From Debt to Generational Wealth Part 1
If you ever wondered how a person got into debt and how they got out of debt, here is my story. From debt to generational wealth.
My name is Ruby my mother calls me “SunShine” sometimes lol. Okay, I will try my best to focus on the topic at hand.
In this series, you will learn how I went from over $250,000 in debt to almost $500,000 net-worth and growing. My goal is to build generational wealth to ensure our next generations continue to build the family’s legacy for the better.
So, here goes…
I was born and raised in the Bronx, New York, I am the youngest of 8, and I have two amazing southern parents- they are North Carolina country lol. Growing up, my parents taught me 3 things about money: work hard, pay your bills, and give to others (church, family, and community in that order).
One major thing they missed educating me about was how to make money work for me and understanding what it means to invest and build assets and generational wealth.
The truth is their parents, parents-parents, and parents, parents, parents were unable to teach them because growing up black in America, the goal was to keep black families impoverished. Building generational wealth was never the focus, but building generational poverty was the focus of corporations and the government for many Black Families, including mines.
Racism and Oppression
Because of racism and systemic oppression, the financial system and opportunities were not a welcoming space for many Black Americans. Let’s not forget about the enslavement of my ancestors for hundreds of years, which created the criminal act of free labor. As America grew richer, many African Americans grew poorer.
This horrific history has created continuous oppression and a racial wealth gap that continues to increase. We must mention a small part of our history to understand yesterday’s historical measures on today’s present financial status.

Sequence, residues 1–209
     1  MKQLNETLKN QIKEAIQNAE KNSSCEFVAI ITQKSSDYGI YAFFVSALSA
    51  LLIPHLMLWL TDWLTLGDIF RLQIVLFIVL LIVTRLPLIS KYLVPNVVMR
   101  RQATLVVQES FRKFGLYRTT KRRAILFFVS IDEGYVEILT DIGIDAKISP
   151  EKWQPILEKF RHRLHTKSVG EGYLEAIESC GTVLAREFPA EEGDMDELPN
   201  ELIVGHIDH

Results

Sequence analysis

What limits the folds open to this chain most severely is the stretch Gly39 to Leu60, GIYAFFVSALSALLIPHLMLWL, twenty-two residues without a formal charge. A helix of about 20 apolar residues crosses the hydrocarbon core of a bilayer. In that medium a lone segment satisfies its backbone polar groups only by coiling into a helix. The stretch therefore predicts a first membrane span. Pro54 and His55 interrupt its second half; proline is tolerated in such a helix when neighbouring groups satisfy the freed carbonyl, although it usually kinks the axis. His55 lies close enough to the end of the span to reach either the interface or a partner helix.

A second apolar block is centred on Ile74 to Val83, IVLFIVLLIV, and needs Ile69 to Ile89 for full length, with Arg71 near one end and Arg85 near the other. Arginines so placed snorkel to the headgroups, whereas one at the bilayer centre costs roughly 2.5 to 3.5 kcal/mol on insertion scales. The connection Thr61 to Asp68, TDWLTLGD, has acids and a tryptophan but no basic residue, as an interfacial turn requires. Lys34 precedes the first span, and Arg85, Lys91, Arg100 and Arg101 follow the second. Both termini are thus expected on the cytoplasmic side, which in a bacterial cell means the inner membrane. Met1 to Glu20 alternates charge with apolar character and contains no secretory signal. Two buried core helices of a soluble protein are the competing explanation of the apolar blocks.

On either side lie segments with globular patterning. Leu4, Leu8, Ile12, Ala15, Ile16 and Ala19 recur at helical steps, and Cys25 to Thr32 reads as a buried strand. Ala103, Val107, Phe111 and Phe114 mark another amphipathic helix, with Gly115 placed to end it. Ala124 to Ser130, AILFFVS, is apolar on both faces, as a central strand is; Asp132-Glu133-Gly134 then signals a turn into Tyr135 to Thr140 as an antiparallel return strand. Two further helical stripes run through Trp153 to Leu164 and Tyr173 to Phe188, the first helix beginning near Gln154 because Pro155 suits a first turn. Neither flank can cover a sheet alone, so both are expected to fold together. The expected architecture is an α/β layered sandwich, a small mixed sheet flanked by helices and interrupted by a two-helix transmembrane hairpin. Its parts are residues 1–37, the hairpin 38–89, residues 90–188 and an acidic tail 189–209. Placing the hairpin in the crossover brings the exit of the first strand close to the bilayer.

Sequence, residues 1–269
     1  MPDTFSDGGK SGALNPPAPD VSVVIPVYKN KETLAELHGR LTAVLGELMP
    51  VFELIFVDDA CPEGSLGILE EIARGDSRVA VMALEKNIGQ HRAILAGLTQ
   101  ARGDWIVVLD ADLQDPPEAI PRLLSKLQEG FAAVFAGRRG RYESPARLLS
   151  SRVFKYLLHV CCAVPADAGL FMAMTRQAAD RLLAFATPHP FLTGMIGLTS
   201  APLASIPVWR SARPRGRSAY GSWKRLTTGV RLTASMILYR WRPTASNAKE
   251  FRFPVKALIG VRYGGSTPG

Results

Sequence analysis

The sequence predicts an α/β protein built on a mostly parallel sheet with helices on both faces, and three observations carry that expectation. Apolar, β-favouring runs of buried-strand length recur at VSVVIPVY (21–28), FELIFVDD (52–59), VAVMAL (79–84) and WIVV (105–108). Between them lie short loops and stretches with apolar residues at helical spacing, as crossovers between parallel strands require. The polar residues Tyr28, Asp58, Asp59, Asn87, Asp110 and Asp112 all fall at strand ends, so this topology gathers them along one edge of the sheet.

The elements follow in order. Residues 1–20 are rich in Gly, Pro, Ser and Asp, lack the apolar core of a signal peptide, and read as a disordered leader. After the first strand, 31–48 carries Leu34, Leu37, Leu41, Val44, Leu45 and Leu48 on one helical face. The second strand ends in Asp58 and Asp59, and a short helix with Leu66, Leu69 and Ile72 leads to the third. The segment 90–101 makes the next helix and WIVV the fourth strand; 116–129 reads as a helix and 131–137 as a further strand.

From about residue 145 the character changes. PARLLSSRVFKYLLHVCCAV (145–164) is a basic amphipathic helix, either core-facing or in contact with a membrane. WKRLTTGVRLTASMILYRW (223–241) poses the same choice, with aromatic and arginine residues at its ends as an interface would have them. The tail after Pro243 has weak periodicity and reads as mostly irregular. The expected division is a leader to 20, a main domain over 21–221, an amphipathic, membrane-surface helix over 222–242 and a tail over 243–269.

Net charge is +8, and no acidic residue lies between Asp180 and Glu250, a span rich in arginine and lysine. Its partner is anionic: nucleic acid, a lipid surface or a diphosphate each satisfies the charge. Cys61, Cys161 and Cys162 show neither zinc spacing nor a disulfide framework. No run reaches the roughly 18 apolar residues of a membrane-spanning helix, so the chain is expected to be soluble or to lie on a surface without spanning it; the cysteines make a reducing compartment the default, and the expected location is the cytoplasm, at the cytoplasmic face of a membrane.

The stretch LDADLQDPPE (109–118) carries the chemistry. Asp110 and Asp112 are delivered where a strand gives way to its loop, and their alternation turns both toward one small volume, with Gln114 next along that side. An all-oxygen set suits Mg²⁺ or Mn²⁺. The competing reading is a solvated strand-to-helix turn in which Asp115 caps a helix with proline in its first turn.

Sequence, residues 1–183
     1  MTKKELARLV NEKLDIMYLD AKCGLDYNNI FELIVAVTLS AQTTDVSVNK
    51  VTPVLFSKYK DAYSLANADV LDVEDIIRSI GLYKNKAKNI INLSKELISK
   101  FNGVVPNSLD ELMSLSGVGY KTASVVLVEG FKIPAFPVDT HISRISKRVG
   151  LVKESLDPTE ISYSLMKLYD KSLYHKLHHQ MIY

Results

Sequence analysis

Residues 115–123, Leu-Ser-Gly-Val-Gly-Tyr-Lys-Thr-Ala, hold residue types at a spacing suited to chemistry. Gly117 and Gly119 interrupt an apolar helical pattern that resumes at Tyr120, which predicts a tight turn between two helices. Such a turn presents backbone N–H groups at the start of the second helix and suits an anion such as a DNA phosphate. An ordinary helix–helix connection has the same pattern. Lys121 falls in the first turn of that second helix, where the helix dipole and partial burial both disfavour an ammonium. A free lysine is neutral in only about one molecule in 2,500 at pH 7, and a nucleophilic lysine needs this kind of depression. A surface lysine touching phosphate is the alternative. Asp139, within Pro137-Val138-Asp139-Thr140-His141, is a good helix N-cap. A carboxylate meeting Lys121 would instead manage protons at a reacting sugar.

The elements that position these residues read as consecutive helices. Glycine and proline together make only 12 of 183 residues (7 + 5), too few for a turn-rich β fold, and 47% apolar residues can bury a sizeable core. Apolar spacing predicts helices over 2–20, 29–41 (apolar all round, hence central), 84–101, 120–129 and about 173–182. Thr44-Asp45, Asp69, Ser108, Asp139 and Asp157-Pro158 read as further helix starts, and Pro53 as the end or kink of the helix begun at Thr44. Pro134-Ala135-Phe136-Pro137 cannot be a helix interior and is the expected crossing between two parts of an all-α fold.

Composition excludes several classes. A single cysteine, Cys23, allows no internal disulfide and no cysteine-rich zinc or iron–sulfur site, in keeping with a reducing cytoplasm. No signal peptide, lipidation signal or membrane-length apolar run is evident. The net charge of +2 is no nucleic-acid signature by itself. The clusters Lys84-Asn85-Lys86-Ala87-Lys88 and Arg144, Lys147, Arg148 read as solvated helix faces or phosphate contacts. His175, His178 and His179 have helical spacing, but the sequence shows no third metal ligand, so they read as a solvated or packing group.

Back to how I got into debt, since my family was not aware about IRA (Individual Retirement Account) or a Personal Investment account, I was not knowledgeable about it either.
On top of lack of knowledge, we had to help each other as a family. Since my family had to rely a lot on each other to make ends meet, buy a home, or help keep a family member from being homeless, their limited resources were continuously stretched. A common phrase in my family was “we have to rob Peter to pay Paul”. No worries, no one was actually robbed, but a bill may be missed to pay a more substantial bill.
This was how I grew up, and my financial foundation was never rooted in building but more rooted in survival. When we focus our finances on surviving, we never have the privilege of reframing and thinking of our finances as growing and thriving; that is what racism and oppression created.
So, when I went to college, you can not imagine how these principles created the beginning of my over $250,000 of debt. I will get into that next week. Right, now I needed to lay the ground work of how a girl from The Bronx with strong southern roots was underwater financially after graduating college.
And just like words from Maya Angelou’s “And Still I Rise.”
See you next week…
Don’t forget to signup for our Financial Family ReUnion Summit in which 1 one family will win $10,000 and a certified financial planner. CLICK HERE YES, REGISTRATION IS FREE…